By Joseph Gucciardi
In their efforts to improve patient care, today’s healthcare providers are hindered by consistently diminishing capital budgets and often struggle to prioritize their needs.
In many cases, a methodology know as Multicriteria Decision Analysis (MCDA) can transform the decision-making process in a robust and innovative way, all the while incorporating strategic goals through tested and proven data analytics.
In their simplest form, MCDA problems all have the same basic components: alternatives for which a choice must be made, criteria to differentiate the alternatives, weights that scale criteria importance, and a methodology for ranking the alternatives. Capital procurement options can be prioritized by an analytical model utilizing criteria defined by your organizational stakeholders to facilitate traceable and repeatable decisions. This is preferable to cost benefit analysis, as equipment criteria are notoriously difficult to reduce to sum of specific costs. With MCDA, each criterion can be kept in its natural format so that their true value to the decision can be accurately determined.
MCDA methods vary greatly depending on the application. They can be found through open sources, developed in-house, purchased as software or outsourced to a decision-support vendor. The simplest framework consists of eight primary steps:
1. Thoroughly define the objective of your analysis.
2. Identify stakeholders necessary to inform the decision.
3. Define and select criteria, either through organizational goals or alternative analysis.
4. Identify where critical data is available (Hint: CMMS!), addressing data gaps and collection methods.
5. Determine how the criteria will be weighted, whether through a robust MCDA technique or a simple vote.
6. Analyze the alternatives by their criteria using MCDA methods or a combination of methods.
7. Calculate the weighed score for each alternative and prioritize the alternatives by their score.
8. Review the model validity and revise to meet your organization’s needs.
Criteria selection and weighting
Criteria may be easy to list: Strategic Direction, Obsolescence, Safety, Value, Integrability, Risk, etc. The difficulty comes in quantifying these to determine their weighted value to the organization. Where is the data coming from, and what if the criteria are conflicting, such as cost versus quality? Are the criteria “SMART”, as in specific, measurable, attainable, relevant and time-bound? Which criteria are relevant, which are redundant, and which reduce the analytical burden? Discard low impact criteria and keep the criteria deemed most important. One can further trim criterion using MCDA.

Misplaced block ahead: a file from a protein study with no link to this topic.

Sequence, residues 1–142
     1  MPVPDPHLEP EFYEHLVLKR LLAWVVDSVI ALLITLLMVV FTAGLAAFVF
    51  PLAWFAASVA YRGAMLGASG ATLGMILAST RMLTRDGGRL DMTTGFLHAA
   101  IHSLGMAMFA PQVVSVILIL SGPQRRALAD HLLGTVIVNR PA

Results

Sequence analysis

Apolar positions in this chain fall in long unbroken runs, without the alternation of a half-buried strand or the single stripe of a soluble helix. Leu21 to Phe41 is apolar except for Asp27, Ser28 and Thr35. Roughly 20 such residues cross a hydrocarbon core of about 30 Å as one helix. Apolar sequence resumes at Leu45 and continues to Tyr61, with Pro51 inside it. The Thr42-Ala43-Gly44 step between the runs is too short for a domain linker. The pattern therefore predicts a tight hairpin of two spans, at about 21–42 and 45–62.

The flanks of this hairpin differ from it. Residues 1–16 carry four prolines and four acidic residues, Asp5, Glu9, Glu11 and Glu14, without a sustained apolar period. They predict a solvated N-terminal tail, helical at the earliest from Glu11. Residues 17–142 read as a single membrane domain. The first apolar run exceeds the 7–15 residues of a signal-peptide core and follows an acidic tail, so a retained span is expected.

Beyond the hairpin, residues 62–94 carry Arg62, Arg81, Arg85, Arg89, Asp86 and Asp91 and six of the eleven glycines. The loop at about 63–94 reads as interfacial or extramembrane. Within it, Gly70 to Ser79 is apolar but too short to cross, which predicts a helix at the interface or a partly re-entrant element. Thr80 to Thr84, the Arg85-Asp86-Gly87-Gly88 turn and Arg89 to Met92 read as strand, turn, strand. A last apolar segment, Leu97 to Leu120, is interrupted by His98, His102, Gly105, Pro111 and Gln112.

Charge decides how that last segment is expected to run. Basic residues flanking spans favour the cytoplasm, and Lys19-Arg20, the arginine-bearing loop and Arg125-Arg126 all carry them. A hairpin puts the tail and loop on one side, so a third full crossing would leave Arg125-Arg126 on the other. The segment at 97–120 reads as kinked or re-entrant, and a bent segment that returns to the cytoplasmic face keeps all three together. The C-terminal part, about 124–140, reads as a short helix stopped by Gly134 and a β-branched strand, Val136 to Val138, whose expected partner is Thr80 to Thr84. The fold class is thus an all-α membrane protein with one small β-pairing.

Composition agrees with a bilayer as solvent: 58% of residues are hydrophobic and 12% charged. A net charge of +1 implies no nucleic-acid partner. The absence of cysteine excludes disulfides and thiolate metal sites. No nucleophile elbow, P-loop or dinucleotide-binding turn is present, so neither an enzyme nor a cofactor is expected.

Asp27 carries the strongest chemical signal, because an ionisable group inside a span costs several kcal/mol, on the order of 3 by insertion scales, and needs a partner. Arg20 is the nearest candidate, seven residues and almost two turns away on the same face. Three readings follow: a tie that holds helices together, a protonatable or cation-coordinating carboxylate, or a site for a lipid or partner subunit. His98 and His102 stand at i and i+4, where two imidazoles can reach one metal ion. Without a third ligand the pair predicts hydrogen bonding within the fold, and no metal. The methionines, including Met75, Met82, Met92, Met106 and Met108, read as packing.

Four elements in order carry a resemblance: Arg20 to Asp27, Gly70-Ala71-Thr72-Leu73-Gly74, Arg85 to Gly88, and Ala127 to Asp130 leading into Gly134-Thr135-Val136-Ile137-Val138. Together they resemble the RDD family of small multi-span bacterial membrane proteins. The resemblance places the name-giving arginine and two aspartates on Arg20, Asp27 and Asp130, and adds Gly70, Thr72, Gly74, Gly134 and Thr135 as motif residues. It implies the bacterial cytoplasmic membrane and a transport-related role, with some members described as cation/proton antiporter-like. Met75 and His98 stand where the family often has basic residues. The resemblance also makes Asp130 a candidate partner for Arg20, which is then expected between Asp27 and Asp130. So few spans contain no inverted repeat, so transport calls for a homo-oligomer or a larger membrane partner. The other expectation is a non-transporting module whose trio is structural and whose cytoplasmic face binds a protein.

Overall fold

One MCDA technique for criteria weighting is Shannon’s Entropy, which measures dispersion in a criterion across alternatives, and then uses that data to determine its value. The greater dispersion, the greater value that criterion could have to the decision. Calculating entropy can also eliminate criteria that would have no effect on the outcome, reducing the analytical burden. Alternatively, you can use an MCDA technique called Analytical Hierarchy Process (AHP) to let stakeholders vote on which criteria are most valuable. One benefit to AHP is that it converts stakeholder preference to numerical scores in a way that reduces bias and improves collaboration.
Ranking and scoring alternatives
Basic MCDA methods that can be used in ranking include Simple Additive Weights (SAW) or Simple Multi Attribute Rating Technique (SMART). Both involve normalizing an alternative’s criteria on a linear scale between 0 and 1, multiplying its value by its criteria weight, then summing the weighed values for each criterion to determine a score. These scores are ranked from high to low, where higher value represents alternatives that aligned better with your prioritization model.
Various MCDA methods can be used in any step of your prioritization model. More complex methodologies could be implemented by a subject matter expert in MCDA, through the procurement of MCDA software, or by outsourcing to a third-party vendor. Implementing a simple model initially can streamline your procurement process with minimal effort while opening the door to more robust analysis in future planning years.
The key to implementing MCDA is ensuring stakeholders are involved and the organization’s objectives are met. Hospitals may have a need to improve their process, but change can be a hurdle, and in the end the decision typically resides with senior leadership.
MCDA can also seem like a complex and analytical process. Healthcare Technology Management can facilitate its adoption by providing technical expertise in the decision models and data collection methods. By demonstrating how MCDA can break the decision down into easily addressable steps, leadership should be receptive and will encourage the conversation to occur.
The bottom line
The MCDA framework has been increasingly used in healthcare to address a wide number of complex decisions. Capital equipment procurement is a candidate for MCDA, but limited awareness has stunted its utilization. Organizations should consider MCDA if they need to improve the capital procurement process. MCDA offers well-structured models that are robust and transparent and can accommodate your organizations strategic goals. With MCDA, an informed, unbiased and fair decision is within reach.
About the author: Joseph Gucciardi is a staff clinical engineer at White River Junction VAMC in Vermont.